[driver1]

name = driver1

url = http://127.0.0.1:18088/driver

[driver2]

name = driver2

url = http://172.18.225.12:18088/driver

  1. On each driver run the start-driver.sh script and then start the controller with the start-controller.sh script on the server designated to be the controller
  2. At this point you should be able to view the GUI for COSBench through <controller_ip_addres>:19088/controller
    In the GUI, you may see a red indicator next to each driver that is not on the controller node, this is okay and expected:

 

  1. To stop each running java process, run stop-driver.sh or stop-controller.sh depending which kind of process is running on each server.

 

Defining Workloads

COSBench is operated by submitting a series of XML configuration files called ‘workloads’ that specify how to interact with the cloud object store. Each workload file defines which specific storage to use, and various configuration values that are often specific to this particular storage adaptor. Following the storage definition, a ‘workflow’ is defined that is made up of one or many ‘workstages’. Each workstage defines the object level operations that are to be done such as the type (write, read, delete), the container(s) to write to, how many files to write, and how many workers to use.

To specify to use of the HCP storage adaptor, the storage type is simply set to “hcp” and the config values are specified. The required configuration parameters are endpoints as well as tenant level username and password (unless anonymous authentication is being used). The following table displays all configurable HCP storage adaptor configuration values:

 

 

 

Parameter

Type

Default

Comment

endpoint

String

The tenant endpoint connection

username

String

The tenant username with appropriate permissions

password

String

The password corresponding with the tenant username

protocol

String

https

Either http or https to specify whether or not to use SSL

max_error_retry

Integer

0

Maximum number of retries a client will do on error

connection_timeout

Integer

60000

Milliseconds allowed before timing out on a request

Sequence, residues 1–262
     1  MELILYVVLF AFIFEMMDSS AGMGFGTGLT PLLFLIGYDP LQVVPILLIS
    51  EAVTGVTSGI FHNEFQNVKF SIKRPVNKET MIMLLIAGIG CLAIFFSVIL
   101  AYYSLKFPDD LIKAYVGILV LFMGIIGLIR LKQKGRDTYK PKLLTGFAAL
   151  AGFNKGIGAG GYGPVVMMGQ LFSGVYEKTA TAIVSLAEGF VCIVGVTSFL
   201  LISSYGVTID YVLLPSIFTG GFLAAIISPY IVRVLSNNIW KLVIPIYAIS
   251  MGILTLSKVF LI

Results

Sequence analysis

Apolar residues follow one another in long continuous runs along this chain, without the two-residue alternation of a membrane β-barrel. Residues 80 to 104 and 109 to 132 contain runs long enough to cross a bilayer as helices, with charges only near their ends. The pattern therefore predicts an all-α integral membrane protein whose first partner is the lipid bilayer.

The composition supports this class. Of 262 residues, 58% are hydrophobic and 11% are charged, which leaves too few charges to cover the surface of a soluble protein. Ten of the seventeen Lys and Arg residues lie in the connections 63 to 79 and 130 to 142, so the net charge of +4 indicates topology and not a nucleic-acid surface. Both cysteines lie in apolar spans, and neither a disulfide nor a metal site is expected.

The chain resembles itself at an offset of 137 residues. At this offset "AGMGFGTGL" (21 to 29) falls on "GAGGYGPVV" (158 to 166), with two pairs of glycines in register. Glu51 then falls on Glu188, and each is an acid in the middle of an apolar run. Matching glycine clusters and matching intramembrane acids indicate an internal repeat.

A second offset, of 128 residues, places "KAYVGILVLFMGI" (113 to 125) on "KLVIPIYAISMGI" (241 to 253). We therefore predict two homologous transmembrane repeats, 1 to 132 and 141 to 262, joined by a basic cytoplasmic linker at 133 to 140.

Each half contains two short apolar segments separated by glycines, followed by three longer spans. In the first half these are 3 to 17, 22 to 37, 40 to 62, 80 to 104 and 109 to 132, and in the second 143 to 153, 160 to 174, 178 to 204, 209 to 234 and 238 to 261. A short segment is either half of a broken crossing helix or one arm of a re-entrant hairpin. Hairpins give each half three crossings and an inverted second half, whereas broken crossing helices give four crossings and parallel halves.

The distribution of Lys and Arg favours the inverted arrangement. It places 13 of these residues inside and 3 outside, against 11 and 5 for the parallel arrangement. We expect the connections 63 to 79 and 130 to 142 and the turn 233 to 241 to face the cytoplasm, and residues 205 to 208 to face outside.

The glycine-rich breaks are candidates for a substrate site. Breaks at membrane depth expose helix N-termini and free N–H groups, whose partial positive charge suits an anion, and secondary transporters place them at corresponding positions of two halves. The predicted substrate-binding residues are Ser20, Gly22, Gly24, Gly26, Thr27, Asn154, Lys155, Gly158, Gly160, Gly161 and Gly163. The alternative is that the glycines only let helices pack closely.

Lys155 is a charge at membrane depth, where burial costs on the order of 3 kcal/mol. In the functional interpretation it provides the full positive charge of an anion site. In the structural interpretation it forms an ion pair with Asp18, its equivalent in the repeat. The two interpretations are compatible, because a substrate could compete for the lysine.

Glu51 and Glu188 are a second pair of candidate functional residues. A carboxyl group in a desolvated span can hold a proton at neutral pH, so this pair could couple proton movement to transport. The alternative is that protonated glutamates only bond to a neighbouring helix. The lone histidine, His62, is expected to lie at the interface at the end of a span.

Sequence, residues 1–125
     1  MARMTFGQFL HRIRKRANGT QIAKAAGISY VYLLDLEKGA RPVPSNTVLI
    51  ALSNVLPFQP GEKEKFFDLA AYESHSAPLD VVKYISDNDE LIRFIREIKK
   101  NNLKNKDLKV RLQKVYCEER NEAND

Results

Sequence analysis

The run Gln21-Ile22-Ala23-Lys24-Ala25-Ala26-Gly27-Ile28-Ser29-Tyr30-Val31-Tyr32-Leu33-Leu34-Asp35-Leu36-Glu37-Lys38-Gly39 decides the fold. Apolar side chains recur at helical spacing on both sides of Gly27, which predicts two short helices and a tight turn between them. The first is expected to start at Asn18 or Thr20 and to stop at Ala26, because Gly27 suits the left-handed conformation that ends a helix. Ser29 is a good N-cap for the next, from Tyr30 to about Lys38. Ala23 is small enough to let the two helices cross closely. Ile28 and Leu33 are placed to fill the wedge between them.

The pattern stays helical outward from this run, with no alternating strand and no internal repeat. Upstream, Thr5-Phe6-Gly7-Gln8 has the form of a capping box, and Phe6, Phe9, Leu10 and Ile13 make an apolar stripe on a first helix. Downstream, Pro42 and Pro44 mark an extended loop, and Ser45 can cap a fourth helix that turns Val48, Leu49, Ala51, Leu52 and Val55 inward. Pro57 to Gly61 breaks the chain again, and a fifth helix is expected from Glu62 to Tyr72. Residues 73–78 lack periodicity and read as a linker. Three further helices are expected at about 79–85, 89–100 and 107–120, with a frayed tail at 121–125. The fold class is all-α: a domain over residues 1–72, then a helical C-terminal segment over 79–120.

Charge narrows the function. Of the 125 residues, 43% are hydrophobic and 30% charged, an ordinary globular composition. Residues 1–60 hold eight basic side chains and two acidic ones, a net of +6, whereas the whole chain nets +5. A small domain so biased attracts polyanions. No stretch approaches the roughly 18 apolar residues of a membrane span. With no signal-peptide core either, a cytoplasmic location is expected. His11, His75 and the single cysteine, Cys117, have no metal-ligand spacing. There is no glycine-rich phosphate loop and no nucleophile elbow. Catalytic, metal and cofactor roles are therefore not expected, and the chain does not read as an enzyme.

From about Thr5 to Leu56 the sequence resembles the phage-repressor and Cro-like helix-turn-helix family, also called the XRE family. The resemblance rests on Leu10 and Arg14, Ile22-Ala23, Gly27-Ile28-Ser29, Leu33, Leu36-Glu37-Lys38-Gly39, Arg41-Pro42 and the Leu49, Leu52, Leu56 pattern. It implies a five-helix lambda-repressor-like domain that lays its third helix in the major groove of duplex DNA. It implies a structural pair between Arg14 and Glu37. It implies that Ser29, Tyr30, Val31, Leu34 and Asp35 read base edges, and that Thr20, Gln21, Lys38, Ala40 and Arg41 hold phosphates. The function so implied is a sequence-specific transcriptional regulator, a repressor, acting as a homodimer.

socket_timeout

Integer

30000

Milliseconds allowed before a socket is closed

signer_version

String

v4

The type of authentication to use. Valid values are: v4, v2, hcp, and anon

optimize_dir

Boolean

true

Whether or not to optimize the directory structure. Setting this to false will result in a flat directory structure

disable_cert_check

Boolean

true

Whether or not to disable certificate checking for SSL connections.

use_expect_continue

Boolean

true

Whether or not each client should be configured to wait for the 100 continue response from the server before beginning to send data

 

 

The following picture XML displays a simple workload that will write 10,000 4KB objects and then read them back to the namespace ‘ns1’. If the namespace ‘ns1’ does not already exist for the tenant endpoint then this namespace will be created. This will use V4 authentication over https but with SSL certification checks disabled. This example is also available in the git repo as well as in the conf folder of the deployed COSBench server.

 

<?xml version="1.0" encoding="UTF-8" ?>

<workload name="hcps3-sample" description="sample benchmark for s3">

<storage type="hcp" config="endpoint=<tenant>.<cluster>.<domain>.com;username=<tenantUser>;password=<password>;

signe_version=v4;protocol=https;disable_cert_check=true" />

 

<workflow>

<workstage name="create-bucket">

<work type="init" workers="1" config="cprefix=ns;containers=r(1,1)" />

</workstage>

<workstage name="create-10k-4kb-files">

<work name="main" type="normal" interval="10" division="object" rampup="0" rampdown="0" workers="50" totalOps="10000">

<operation type="write" config="cprefix=ns; containers=c(1); oprefix=cos_; objects=r(1,10000); sizes=c(4)KB" />

</work>

</workstage>

<workstage name="read-10k-4kb-files">

<work name="main" type="normal" interval="10" division="object" rampup="0" rampdown="0" workers="50" totalOps="10000">